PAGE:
New director discusses goals for UCI’s Center for Jewish Studies
UCI political science professor Jeffrey Kopstein has made a career of studying violence, especially against Jews, in both historic and modern contexts. Knowledge, he believes, is the most effective antidote to hatred.
“The best way we can address antisemitism is to do what the university excels at: to study and teach, to develop cross-cultural understanding through deep education and learning,” Kopstein says. “At its core, Jewish learning is about asking questions, arguing about answers, engaging the tradition and then posing deeper questions.”
As the newly appointed director of the campus’s Center for Jewish Studies, Kopstein envisions UCI becoming a global leader in Jewish studies, not only educating its diverse student body but building bridges of understanding into the community and facilitating exchanges with Israeli higher education institutions.
“At UCI, we teach hundreds of students each year in a wide range of classes on Jewish history and culture, the Holocaust, the history of antisemitism and Israel,” says Chancellor Howard Gillman. “The Center for Jewish Studies is the hub for this strong educational effort, and Professor Kopstein, whose groundbreaking research illuminates the history of the Jewish people in the modern era, is the perfect choice to advance the center and its vital work.”
As the U.S. continues to diversify—more than 40 percent of Americans identify as people of color, according to the 2020 census—the history of antisemitism offers relevant lessons about systemic racism and marginalized groups all around the globe.
“Jewish culture is a microcosm of diversity, demonstrating the potential for both tremendous achievement and good as a people and tremendous tragedy,” Kopstein says. “We live in a society, as well as a campus, of great and increasing diversity. We need to know how to get along with each other.”
Kopstein, who came to UCI in 2015, is no stranger to running large interdisciplinary centers. He was previously director of the Anne Tanenbaum Centre for Jewish Studies at the University of Toronto.
He’s no stranger to antisemitism either. Growing up in Canada among a large community of Jewish immigrants, he remembers a time when Jews were excluded from certain neighborhoods and local clubs. Yet that sort of segregation paled in comparison to the violence his relatives experienced in the years leading up to the Holocaust.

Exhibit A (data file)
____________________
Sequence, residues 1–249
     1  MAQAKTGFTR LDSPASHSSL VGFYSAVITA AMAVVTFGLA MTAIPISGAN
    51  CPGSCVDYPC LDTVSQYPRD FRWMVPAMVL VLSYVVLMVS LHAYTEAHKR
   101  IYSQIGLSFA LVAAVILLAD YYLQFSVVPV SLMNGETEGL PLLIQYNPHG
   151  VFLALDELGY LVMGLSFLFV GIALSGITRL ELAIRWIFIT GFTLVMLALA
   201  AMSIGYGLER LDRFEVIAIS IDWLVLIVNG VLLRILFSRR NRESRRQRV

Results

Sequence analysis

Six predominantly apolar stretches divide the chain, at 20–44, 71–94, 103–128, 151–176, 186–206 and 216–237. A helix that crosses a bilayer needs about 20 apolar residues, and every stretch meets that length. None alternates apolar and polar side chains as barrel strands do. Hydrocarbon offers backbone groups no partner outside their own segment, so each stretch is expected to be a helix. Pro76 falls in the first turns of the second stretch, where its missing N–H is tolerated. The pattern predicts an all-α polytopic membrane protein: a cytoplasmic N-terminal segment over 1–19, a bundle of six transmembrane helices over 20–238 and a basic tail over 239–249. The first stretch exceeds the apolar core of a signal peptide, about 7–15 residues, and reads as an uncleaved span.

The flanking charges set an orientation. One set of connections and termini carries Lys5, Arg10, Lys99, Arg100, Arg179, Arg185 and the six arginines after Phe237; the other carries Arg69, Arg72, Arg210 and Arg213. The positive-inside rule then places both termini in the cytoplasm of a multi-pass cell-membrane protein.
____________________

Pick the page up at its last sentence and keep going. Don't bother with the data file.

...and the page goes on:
“My family, in all its branches, at various times and places, has confronted antisemitism—sometimes tragically and sometimes merely as an irritation or casual comment,” Kopstein says.
Perhaps because of that background, he became interested in studying the specific conditions under which run-of-the-mill dislike turns to outright violence. Kopstein earned a doctorate in political science at UC Berkeley before launching a three-decade academic career, during which he has written or edited five books and published extensively on anti-Jewish violence in five languages. Kopstein mastered Polish and German for research projects, in addition to the English, French and Russian he learned as a child in Canada. His Hebrew, he confesses with palpable disappointment, is only moderate.
Kopstein describes his own work as “unabashedly interdisciplinary,” often drawing on historical documents and applying social scientific methods to them. Earlier this year, he published Politics, Violence, Memory: The New Social Science of the Holocaust, based on research presented during a conference held at UCI.
Recently, Kopstein completed a yearlong fellowship as the Ina Levine Invitational Scholar at the U.S. Holocaust Memorial Museum in Washington, D.C. He has also received a Fulbright U.S. Senior Scholar Award—which he deferred due to the COVID-19 pandemic—to conduct research at Hebrew University in Jerusalem, where he periodically has been a visiting scholar over the last decade. As director of UCI’s Center for Jewish Studies, Kopstein aims to expand existing connections between the campus and Israeli universities, looking to examples such as the longstanding partnership between UCI’s Henry Samueli School of Engineering and Tel Aviv University and The Paul Merage School of Business’ recent student trip to Israel.
As the principal investigator on a grant from the Anti-Defamation League, Kopstein is currently working on research to measure antisemitic sentiments among University of California students. A pilot study he conducted in 2017-18 found that the level of antisemitism at UCI mirrored that among the general population, suggesting that college students may be an accurate representation of the broader society.